This article originally appeared on Forbes.com.
Two years ago, when Covid-19 first arrived it brought new requirements of leaders. Remote work created new routines and the need for flexibility. Many leaders rose to the challenge, finding new ways to build up their teams, maintain customer focus, and meet financial goals despite turbulence and disruption. This’s what Bain & Company partner James Allen referred to this as a “dress rehearsal” for a new world in which executive teams would face a prolonged period of uncertainty, requiring a different style of leadership—one characterized by increased empathy, transparency and adaptability.
Just how long no one could have predicted, nor could they have known it would lead into another dramatic moment of uncertainty, the human tragedy and economic disaster of the war in Ukraine.
But this is the reality of the world today: constant change. Technological, demographic and macroeconomic disruptions will only continue to change the world. Leaders who use these current crises to reflect, learn and adapt will be best positioned to emerge stronger and more able to respond to the unknown challenges ahead.
Going forward, multiple stakeholders will define success:
- customers whose problems the business solves;
- employees who feel secure and inspired to learn, grow and help the business achieve its purpose;
- shareholders who value enduring success over short-lived profits; and
- communities that admire the contributions of the business to their welfare.
Recent uncertainty has pushed executives to strengthen their leadership ability as individuals, with teams, and in the broader framework of their organizations. To recognize these changes and make the most of them, senior executives can start by asking themselves three questions.
1) How have I personally changed?
The most adept leaders know themselves well. They’re conscious of their state of mind and the factors influencing their behavior. They also recognize that in turbulent times, an open mindset and willingness to learn from experience are assets. The hallmark behaviors of a learning mindset include:
- Managing by trusting and enabling others. Research shows leaders who trust and empower their teams unleash powerful potential. Compared with employees at low-trust companies, those working for high-trust companies report 74% less stress, 106% more energy at work, 50% higher productivity, 13% fewer sick days, 76% more engagement, 29% more satisfaction with their lives, and 40% less burnout, according to Paul J. Zak’s “The Neuroscience of Trust.”
- Active listening. Ask questions, not only about the business but also about how people are doing. Connect and create inclusive experiences, so people feel they’re part of a bigger group, mission and valuable purpose.
- Willingness to show vulnerability. The new world is less certain, and you as a leader won’t have all the answers. It’s more credible to acknowledge that you don’t have a crystal ball.
- Acting on behalf of the greater good. Crises test our sense of purpose. Covid-19 prompted many capable leaders to reassess their own purpose and that of their companies. What makes a firm distinctive for its customers, employees and society? What’s a good corporate citizen? Many executives have taken a fresh and honest look at the company’s mission and reflected on the firm’s impact on society.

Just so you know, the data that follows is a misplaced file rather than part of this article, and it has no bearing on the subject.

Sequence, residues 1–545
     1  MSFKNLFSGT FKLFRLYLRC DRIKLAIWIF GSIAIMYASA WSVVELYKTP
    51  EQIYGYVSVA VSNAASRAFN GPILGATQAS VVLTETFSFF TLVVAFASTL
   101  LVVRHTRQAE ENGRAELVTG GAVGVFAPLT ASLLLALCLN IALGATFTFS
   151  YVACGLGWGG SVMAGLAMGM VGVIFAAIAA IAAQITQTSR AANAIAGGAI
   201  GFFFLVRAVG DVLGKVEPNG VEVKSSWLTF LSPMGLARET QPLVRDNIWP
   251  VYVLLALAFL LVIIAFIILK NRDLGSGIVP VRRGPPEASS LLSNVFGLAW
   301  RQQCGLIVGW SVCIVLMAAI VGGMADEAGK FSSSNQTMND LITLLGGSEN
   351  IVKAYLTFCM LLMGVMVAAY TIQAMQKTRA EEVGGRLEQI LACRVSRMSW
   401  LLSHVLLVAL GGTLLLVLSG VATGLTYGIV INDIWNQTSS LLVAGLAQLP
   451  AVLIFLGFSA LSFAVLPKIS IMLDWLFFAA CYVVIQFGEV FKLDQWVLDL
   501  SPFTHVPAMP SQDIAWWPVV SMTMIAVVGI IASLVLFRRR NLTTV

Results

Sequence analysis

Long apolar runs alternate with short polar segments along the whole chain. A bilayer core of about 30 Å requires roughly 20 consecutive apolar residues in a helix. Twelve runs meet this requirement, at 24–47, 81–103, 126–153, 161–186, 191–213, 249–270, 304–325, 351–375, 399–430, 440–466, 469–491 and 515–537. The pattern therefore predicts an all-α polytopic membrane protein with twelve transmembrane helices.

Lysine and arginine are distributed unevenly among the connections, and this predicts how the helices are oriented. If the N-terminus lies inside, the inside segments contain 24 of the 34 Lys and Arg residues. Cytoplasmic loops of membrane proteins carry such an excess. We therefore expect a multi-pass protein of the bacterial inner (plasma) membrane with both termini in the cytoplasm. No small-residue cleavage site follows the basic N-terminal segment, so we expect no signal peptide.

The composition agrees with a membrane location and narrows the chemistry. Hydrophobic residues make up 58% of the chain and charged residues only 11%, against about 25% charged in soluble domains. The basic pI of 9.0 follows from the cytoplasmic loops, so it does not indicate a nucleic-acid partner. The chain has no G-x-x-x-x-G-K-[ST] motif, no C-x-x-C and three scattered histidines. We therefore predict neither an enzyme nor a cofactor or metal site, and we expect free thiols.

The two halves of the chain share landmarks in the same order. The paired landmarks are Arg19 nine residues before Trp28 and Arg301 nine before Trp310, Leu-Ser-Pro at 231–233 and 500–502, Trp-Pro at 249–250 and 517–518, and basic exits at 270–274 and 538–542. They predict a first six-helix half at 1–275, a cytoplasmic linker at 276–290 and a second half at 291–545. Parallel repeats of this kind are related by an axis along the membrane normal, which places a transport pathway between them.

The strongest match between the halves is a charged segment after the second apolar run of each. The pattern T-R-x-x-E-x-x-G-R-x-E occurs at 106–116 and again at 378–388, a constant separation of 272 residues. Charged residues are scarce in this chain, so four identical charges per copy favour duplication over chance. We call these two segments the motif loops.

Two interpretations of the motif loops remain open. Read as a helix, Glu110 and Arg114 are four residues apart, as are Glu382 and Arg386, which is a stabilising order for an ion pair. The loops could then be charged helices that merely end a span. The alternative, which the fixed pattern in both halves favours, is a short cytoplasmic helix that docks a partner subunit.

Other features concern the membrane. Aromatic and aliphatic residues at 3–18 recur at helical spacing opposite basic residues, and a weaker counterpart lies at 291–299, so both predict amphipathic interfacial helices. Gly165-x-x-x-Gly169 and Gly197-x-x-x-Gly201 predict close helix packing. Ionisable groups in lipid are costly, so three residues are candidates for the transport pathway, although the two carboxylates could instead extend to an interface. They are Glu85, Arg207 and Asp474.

2) How have my team interactions changed?
Teams that trust their leaders outperform. And the qualities that inspire trust are credibility, reliability and intimacy. Many leaders struggle in particular with intimacy. A seven-year study with more than 72,000 respondents by Trusted Advisor Associates showed only 18% of people feel intimacy is their greatest strength, though it’s the most important factor in building trust.
Teams in which members get to know and understand one another well are inherently more productive and high performing. How can companies foster stronger connections among team members in the months to come? Many video meetings still start with five minutes in small breakouts of two or three people. Often there’s no agenda for these breakouts; the only goal is to catch up with someone on your team for five minutes. It started as a Covid experiment, but it has proved powerful in strengthening trust and affiliation.
3) How am I engaging my organization differently than before?
There’s a science behind communicating during times of stress. Mental noise reduces the ability to process information by about 80%. People’s attention spans shrink to just 12 minutes or less. They want to know that you care before they care what you know. As a result, it’s important to keep messages short, lead with empathy, and communicate via trusted messengers.
It’s important to address the fundamental need for change and give managers and workers confidence about the future. Indeed, strong leaders are able to inspire and stimulate hope, to paint a picture of where you’re headed and why it will be a worthwhile journey.
Talented leaders are taking stock of what they’ve learned during the past two years of disruption. Those who increase trust throughout their ranks and put empathy, transparency and humility first will be better prepared to steer through unexpected turns in the road ahead.
The most able leaders inspire trust and communicate with empathy and clear facts.